After a bit of a break, suddenly a huge heap of new information from 6.2 patch notes and data (and items) gives us no shortage of things to talk about.  As soon as it all started coming out, we got together to discuss our immediate reaction upon reading it, recording 2 segments over the course of the evening.  So, an extra long show today (or 2 shows, however you want to listen!) with everything that healers should be interested in in the initial 6.2 information.

Part 1

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0:00 Intro
0:25 Patch 6.2 Notes
> 1:50 Losing Aspect of the Fox
> 6:25 Losing Amplify Magic
> 10:32 Mistweaver Monk changes – DPS nerfs and Crane stance
> 12:50 Resto Shaman changes – Riptide/CH spell interaction is gone!
(Dayani’s older post on High Tide math)
19:10 Patch 6.2 Speculation
> 21:00 Addressing mechanical balance concerns
> 22:45 Discipline Priest speculation
> 26:38 Holy Paladin mobility and utility
31:16 Mythic Dungeon thoughts & Challenge Mode comparison
42:06 Outro & Good night

Part 2

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0:00 Intro
1:10 Legendary Ring procs (examples discussed: HealerCasterTank)
6:45 The Archimonde Class Trinket
> 9:45 Druid (TrinketFlourish)
> 13:40 Monk (TrinketSoothing Breeze)
> 15:40 Paladin (Trinket; Magnifying Light)
> 17:52 Priest (Disc) (Trinket; Naaru’s Discipline)
> 22:20 Priest (Holy) (Trinket; Complete Healing)
> 25:35 Shaman (TrinketLow Tide)
29:35 Healer Trinkets & Spirit Balance (Previous podcast about Spirit Balance in 6.2)
> 31:55 Healer Trinket 1
> 32:37 Healer Trinket 2
> 34:50 Healer Trinket 4
> 38:34 Healer Trinket 3
42:18 Tier 18 Set Bonuses
> 43:05 Druid (2pc 4pc)
> 45:01 Monk (2pc 4pc)
> 48:00 Paladin (2pc 4pc)
> 48:20 Priest (Disc) (2pc 4pc)
> 50:51 Priest (Holy) (2pc 4pc)
> 51:40 Shaman (2pc 4pc)
55:50 Outro & Good night (again)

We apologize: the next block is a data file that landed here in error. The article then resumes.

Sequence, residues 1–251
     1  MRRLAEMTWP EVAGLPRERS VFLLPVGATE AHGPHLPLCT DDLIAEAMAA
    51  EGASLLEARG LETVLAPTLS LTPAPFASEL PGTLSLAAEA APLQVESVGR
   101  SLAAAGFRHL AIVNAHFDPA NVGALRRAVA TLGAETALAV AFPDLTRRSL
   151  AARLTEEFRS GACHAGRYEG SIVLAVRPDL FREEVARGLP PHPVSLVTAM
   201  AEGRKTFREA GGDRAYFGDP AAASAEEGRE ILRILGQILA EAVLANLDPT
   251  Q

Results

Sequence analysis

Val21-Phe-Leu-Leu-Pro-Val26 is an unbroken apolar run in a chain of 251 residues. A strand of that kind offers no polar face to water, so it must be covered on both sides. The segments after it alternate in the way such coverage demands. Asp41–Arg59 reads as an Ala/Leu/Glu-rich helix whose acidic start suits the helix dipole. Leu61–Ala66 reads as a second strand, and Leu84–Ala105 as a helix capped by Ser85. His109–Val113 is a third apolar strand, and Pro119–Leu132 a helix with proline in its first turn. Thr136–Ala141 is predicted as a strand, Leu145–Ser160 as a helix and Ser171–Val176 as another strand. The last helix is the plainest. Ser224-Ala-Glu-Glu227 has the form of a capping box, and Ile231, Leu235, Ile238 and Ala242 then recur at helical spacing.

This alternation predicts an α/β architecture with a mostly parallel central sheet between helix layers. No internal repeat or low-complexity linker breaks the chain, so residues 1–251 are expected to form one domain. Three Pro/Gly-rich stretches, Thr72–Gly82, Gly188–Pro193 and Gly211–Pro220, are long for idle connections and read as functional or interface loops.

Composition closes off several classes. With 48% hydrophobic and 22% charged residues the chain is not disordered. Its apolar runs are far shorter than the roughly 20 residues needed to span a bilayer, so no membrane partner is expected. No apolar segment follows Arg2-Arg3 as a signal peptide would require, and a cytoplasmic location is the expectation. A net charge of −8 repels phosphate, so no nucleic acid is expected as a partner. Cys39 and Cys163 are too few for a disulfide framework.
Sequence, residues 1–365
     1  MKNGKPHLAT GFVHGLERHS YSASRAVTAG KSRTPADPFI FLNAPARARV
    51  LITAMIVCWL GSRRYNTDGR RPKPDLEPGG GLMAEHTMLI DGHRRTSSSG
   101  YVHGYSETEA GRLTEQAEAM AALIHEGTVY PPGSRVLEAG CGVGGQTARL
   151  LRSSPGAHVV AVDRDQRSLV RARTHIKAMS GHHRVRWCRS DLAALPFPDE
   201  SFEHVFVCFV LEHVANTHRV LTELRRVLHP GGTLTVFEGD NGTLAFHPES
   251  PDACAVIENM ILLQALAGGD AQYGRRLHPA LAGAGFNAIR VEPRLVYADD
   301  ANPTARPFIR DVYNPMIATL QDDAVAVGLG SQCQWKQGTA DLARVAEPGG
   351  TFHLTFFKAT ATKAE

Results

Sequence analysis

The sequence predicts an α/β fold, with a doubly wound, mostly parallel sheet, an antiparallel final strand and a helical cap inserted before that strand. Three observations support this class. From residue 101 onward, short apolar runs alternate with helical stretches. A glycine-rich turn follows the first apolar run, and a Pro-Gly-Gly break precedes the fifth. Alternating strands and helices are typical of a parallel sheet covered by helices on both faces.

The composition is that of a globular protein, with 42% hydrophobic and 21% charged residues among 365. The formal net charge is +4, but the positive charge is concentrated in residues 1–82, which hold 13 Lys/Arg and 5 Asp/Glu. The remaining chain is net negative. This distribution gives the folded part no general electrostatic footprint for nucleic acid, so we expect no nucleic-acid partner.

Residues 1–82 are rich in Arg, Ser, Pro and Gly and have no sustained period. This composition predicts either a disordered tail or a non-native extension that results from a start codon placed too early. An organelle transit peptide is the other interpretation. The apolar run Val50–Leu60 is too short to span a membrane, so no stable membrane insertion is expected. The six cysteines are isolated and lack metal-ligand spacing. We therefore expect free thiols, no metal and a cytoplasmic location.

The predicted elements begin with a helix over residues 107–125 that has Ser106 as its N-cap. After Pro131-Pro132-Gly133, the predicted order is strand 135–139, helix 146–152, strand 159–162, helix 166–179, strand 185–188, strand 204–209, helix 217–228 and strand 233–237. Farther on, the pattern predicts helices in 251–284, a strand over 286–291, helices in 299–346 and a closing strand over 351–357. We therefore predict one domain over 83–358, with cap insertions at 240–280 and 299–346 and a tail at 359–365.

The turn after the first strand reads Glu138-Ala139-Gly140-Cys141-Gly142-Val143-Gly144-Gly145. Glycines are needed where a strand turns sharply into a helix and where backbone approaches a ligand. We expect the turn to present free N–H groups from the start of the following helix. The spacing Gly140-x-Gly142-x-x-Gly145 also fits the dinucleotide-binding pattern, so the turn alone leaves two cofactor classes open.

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The Guiding Hand of Dark Souls

Dark Souls is widely regarded as an outstanding game for a variety of reasons, such as the “hard but fair” ethos in which its only demand is that you prove your growth as a player at each step.  The world is similarly praised for its clever interconnectedness.  I want to illustrate the level of thought that went into the level design, using a series of highlights progressing through the game.  This is somewhat inspired by this analysis of Super Metroid, a game which itself is clearly an element of the Dark Souls pedigree.  Many of the concepts described in that article apply to this game as well, but Souls has to maintain a special focus on one particular element: quietly helping the player endure the intense difficulty that the game itself created.

One of my goals is to refine the image that both fans and non-fans have of Dark Souls, as being defined solely by difficulty.  Perhaps its best-hidden secret is that it does not actually leave the player lost in the wilderness with no direction and death awaiting at every turn, but rather guides and supports them in subtle ways.  The game fulfills two roles at once: presenting a seemingly crushing challenge, but also, behind the scenes, doing what it can to make it more likely that each player finds a way through.  The defining emotion of Dark Souls is the thrill of both facing the challenge and then eventually surpassing it, and the game succeeds because it does everything it can to provide both of those experiences.

This post will take us through ringing the Bells of Awakening.  Many of the themes of the level design are shown most strongly in this first segment, when it’s critical to give a player an understanding of how this game works, and most importantly, to give them the tools to succeed in what comes after it.

Undead Asylum

The game opens with one of the very few moments that I’m going to question.  Before its threadbare tutorial is even complete, it throws the player into a boss fight, the Asylum Demon, where the solution is not to fight, but to escape through an open door elsewhere in the room.  I’m not sure what this is intended to teach, since nowhere else in the game is there a boss fight that you can run away from; you’re always sealed in (there are occasional large non-boss enemies you can run from, such as the Bridge Hellkite or the Hydra, but they’re in open outdoor spaces that make it obvious anyway).  These opening minutes are precious for hooking the player and starting to teach them, and adding a potential sticking point with no teaching utility is not parsimonious.  Arguably, one hint is that the boss fight is completely unfair (you don’t have a real weapon yet, so no non-expert player has a chance), but it’s too early to rely on the player’s trust that Dark Souls is never unfair.  Building that trust is a key goal of the early levels.

The escape door is behind the pillars on the left.

The escape door is behind the pillars on the left.